Analysis of the change in perception of the American colonists from loyal English subjects to independent Americans
First of all, it is important to realize that the pilgrims and European immigrants arrived in the North America with the aim of obtaining religious freedom. The British Monarchy at the time constrained the religious freedoms of its people. However, the English identity of the immigrants still remained despite the fact that the colonists were in a new territory. This is evident by the fact that the British Monarchy did not consider the colonists as being sovereign. The British Monarch believed that its mandate and jurisdiction ran beyond the borders of England ( Foner 49). This concept is manifest based on the idea that the colonists were answerable to the British parliament and monarchy despite the fact that they had their own state legislators and standing armies in North America. The British parliament passed laws and legislations that they expected the colonists to follow. The colonists were not represented in the British parliament. One of the most unpopular legislation was the Stamp Act of 1765. This legislation required that the colonists pay taxes on paper goods such as stamps. The money collected in form of stamp tax was to benefit Britain and not the colonists who occupied North America. Clearly this was a form of tax without representation. In the light of this, the lack of political freedom of colonists from the British Monarchy began to ignite a sense of resentment by the colonists.
The colonists began to see themselves as being different from the loyal British subjects who were suffering under the British Monarch. The sense of suffering that was shared by the colonists caused them to be united. The colonists began to aspire for both economic and political freedom from the British Monarchy. The aspiration for freedom led the colonists to resist the rule of the British Monarchy in the colonies. Some of the ways that the colonists revolted against the rule of the monarchy was through uniting and engaging in war with the British Monarchy. Colonists engaged in protests and demonstrations that aimed at expressing their desires of freedom. In addition, the colonists countered the unpopular legislation that they were subjected to. For example, after the imposition of the Stamp Act of 1765, the colonists decided to boycott goods from Britain. This means that the colonists did not purchase finished goods that were coming from Europe. The British economy heavily relied on the profits generated from selling finished goods to the colonists in North America. The boycotting of British goods by the colonists led the British government to incur heavy losses. This success by the colonists paved the way for the American Revolution. The colonists began to view themselves as one people who shared the same problem. Despite the diversity that existed within the different colonies in North America, the colonist began to collaborate in their efforts to insert pressure to the British monarch to grant them their own political and economic freedom.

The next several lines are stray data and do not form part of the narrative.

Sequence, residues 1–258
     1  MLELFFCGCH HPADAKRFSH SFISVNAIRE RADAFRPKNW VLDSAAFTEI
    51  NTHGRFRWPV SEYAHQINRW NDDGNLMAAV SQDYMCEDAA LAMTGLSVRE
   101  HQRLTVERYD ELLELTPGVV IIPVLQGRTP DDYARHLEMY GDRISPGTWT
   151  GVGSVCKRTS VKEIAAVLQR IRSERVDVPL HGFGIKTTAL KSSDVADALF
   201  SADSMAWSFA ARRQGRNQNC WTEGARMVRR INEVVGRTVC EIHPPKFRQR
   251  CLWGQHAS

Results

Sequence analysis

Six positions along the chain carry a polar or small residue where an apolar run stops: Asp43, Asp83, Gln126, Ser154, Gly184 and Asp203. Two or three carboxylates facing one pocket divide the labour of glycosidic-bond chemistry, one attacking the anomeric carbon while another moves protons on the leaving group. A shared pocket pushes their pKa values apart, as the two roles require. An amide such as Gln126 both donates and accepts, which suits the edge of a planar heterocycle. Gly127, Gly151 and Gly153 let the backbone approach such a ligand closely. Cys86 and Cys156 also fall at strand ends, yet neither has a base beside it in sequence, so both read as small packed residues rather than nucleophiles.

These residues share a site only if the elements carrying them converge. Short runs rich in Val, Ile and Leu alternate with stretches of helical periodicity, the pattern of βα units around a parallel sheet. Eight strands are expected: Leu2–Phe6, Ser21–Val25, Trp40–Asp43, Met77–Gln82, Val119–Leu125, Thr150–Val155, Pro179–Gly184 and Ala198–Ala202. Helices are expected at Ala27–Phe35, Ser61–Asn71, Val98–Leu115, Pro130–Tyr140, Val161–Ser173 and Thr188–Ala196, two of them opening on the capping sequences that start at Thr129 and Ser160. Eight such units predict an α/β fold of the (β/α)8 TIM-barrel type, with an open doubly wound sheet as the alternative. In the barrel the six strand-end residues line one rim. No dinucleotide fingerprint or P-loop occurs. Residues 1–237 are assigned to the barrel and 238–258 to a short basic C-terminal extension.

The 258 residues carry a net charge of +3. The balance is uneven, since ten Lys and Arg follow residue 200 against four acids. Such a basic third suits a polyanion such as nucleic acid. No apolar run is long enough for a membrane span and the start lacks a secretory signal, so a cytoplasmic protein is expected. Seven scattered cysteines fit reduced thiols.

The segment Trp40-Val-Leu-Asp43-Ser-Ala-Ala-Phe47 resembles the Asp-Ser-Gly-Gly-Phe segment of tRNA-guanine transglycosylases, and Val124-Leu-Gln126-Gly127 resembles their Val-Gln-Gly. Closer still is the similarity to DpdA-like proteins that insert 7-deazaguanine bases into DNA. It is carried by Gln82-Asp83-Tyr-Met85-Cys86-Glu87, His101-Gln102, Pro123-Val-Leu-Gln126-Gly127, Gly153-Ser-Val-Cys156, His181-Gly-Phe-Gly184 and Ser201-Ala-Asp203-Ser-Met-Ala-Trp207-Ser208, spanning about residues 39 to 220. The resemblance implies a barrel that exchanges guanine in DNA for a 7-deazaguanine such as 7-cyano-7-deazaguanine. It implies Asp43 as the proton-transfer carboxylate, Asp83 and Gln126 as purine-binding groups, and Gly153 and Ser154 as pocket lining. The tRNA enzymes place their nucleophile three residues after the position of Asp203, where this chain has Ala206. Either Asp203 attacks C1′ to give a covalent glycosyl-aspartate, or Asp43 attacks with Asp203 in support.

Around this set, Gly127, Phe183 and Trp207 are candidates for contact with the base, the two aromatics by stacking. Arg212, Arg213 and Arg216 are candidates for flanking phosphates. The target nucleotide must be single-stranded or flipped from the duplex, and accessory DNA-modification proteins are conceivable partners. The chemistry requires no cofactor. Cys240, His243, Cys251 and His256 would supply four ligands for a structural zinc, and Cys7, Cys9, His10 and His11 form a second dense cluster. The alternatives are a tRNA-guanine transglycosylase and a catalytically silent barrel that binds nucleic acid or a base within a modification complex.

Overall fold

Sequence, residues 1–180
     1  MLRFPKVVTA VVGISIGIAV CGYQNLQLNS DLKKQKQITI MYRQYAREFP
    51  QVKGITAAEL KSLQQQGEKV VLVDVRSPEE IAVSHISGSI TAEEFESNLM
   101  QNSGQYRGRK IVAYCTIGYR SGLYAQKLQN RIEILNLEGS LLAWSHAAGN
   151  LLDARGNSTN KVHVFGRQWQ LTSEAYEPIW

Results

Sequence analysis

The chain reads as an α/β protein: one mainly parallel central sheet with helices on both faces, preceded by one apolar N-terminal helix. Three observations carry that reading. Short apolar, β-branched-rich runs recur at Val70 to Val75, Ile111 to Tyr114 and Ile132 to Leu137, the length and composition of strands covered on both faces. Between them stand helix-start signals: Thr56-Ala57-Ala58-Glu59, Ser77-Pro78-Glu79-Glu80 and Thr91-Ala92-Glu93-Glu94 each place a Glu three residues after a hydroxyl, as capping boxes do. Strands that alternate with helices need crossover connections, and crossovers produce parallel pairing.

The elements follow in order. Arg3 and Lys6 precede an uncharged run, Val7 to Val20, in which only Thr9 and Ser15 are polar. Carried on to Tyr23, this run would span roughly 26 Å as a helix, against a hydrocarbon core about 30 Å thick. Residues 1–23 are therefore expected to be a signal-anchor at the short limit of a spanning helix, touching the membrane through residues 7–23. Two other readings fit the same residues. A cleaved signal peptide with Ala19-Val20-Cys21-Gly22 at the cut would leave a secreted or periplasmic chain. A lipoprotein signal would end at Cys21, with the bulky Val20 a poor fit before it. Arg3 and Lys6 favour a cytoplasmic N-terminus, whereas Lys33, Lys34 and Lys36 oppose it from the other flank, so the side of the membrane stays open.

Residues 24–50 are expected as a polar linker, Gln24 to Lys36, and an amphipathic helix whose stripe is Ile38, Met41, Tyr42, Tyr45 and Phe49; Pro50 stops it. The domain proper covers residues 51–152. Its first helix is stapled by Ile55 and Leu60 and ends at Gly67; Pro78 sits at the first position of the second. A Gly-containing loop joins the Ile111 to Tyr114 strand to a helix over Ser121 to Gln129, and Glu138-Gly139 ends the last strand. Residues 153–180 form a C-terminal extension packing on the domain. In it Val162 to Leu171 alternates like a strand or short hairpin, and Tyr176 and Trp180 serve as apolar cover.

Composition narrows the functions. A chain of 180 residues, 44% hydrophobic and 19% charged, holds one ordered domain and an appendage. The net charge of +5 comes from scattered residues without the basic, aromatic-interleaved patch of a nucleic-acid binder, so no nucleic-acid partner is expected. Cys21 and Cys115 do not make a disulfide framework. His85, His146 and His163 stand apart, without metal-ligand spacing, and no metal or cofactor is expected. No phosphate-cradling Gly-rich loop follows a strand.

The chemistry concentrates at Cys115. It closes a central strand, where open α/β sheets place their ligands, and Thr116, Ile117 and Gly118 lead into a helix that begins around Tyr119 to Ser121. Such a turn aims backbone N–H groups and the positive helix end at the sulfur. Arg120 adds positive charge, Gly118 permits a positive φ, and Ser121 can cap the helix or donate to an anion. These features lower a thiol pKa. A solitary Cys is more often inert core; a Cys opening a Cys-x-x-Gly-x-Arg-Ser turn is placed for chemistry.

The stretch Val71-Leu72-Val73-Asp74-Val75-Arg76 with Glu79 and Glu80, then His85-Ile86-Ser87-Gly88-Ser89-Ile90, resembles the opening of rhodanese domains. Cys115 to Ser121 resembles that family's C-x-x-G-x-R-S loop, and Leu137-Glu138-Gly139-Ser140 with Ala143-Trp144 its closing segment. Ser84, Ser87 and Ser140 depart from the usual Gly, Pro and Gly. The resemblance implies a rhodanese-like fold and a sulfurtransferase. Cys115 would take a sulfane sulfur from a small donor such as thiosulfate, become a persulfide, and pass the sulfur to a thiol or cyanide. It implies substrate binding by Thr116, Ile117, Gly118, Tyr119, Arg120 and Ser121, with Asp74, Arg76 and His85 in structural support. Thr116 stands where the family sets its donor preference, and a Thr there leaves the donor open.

In conclusion, the colonists began to view themselves as Americans who had a different identity compared to the loyal subjects in England. The colonists viewed North America as a territory that was not tarred by feudalism and classism that characterized the British Monarchy. For this reason the colonists set the stage for the American Revolution based on the concept of American Exceptionalism.
Foner, Eric. Voices of freedom a documentary history. 3rd ed. New York: W.W. Norton & Co., 2011. Print.